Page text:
“Hope” wasn’t just a major theme of Barack Obama’s 2008 presidential campaign. It also might be a one-word summation of the 2010 midterm campaign strategy devised by the White House and Democrats on Capitol Hill. They hope voters get more comfortable with healthcare reform. They hope voters really care about the technocratic bank bill. And, most importantly, they hope voters begin to sense some impact of a slowly recovering economy on their personal financial situation.
Oh, and they sure hope the dang hole gets plugged, of course. It’s that last one that’s really biting Democrats at the moment. Obama’s approval rating, after more than a year on the downswing, had finally turned around in April. Then came the gusher in the Gulf. The president’s numbers are now at the lowest level of his presidency. According to weekly Gallup polling, just 46 percent of Americans approve of his job performance (with 46 percent disapproving). If history is a guide, Democrats will suffer heavy losses should Obama’s low numbers persist into November.
Certainly the BP “well control incident” — as the company might put it — is playing a big role in all this. Polls consistently show a ten percentage point gap between those who think Obama is blowing it vs. those who think he’s on top of things. And the closer voters are to the spill, the more critical they are. Just take a look at these numbers from Public Policy Polling. While Louisianans are way angrier with BP than Washington by 53 percent to 29 percent, they are pretty mad at both. By 50 percent to 35 percent, they now think President George W. Bush did a better job handling Hurricane Katrina than Obama’s job responding to the oil spill. Maybe Obama’s prime-time energy speech will turn things around. We’ll see.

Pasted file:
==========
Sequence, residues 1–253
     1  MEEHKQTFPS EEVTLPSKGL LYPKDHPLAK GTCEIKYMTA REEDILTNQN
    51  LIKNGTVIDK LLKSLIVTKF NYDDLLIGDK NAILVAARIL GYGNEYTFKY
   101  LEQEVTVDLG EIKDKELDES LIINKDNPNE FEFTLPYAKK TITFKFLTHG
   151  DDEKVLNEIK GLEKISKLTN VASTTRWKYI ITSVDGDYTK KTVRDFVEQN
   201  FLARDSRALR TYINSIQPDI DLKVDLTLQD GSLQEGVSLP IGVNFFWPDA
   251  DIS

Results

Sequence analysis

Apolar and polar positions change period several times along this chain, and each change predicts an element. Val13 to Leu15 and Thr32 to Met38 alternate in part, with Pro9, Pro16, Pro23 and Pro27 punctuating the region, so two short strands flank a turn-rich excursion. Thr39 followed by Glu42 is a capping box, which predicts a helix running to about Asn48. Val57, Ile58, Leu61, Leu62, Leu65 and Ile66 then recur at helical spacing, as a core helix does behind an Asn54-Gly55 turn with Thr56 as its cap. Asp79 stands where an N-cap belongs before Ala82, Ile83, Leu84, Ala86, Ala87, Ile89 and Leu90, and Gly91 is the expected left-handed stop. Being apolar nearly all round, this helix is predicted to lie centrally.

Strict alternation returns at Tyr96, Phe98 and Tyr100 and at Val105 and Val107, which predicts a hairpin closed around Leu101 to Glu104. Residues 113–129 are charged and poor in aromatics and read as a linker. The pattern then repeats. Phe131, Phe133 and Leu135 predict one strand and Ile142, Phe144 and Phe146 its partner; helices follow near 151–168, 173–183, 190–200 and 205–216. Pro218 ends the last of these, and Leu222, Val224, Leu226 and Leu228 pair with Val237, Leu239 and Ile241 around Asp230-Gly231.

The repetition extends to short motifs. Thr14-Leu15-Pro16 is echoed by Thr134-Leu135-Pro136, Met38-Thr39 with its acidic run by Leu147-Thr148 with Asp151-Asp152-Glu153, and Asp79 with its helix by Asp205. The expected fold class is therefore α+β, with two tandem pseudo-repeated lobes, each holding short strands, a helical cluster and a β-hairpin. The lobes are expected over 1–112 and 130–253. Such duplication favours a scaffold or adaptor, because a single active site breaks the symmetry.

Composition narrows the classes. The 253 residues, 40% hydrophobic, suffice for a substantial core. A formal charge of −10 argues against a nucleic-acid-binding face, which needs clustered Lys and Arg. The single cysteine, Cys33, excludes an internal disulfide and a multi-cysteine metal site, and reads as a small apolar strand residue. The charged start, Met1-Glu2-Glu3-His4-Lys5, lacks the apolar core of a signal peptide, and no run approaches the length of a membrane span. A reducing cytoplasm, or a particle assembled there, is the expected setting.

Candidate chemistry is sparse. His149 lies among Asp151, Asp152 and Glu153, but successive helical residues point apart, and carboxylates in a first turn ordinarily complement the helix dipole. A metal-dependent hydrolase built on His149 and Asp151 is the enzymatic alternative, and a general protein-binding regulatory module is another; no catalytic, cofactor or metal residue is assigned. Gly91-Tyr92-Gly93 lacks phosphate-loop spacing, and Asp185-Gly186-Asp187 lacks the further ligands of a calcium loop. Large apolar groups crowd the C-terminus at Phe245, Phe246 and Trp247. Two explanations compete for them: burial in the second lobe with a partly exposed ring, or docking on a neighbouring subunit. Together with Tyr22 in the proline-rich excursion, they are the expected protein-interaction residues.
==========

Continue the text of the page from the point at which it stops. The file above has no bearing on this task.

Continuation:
But the prime shaper of the 2010 political backdrop is still the economy. A growing gaggle of economists now fret that growth will decelerate in the second half of 2010. Even bullish Ben Bernanke’s Federal Reserve is looking at a Plan B should the economy slow sharply. No double-dip recession, perhaps, but not enough economic oomph to dramatically lower the unemployment rate. In fact, it may again top the 10 percent level before year end. And if it doesn’t, the reason is more likely a shrinking labor force — as measured by government statisticians — than a surge of new jobs.
And the following numbers will only add to the sense of deepening Democratic gloom. A poll for NPR looked at the state of the races in 70 competitive House districts. Just 41 percent of voters favored Dems vs. 49 percent for the GOP. In the 30 most-competitive districts currently held by Democrats, Republicans led 48 percent to 39 percent. And in the 60 Dem districts overall, Obama had just a 40 percent approval rating.
But these results may be the ones most worrisome to Obamacrats in Washington. Only 37 percent of voters in the Dem districts believed the following: “President Obama’s economic policies helped avert an even worse crisis, and are laying the foundation for our eventual economic recovery.” On the other hand, 57 percent agreed with this statement: “President Obama’s economic policies have run up a record federal deficit while failing to end the recession or slow the record pace of job losses.”
In Washington, they call that “losing the narrative.” Democrats can only hope they can somehow get it back.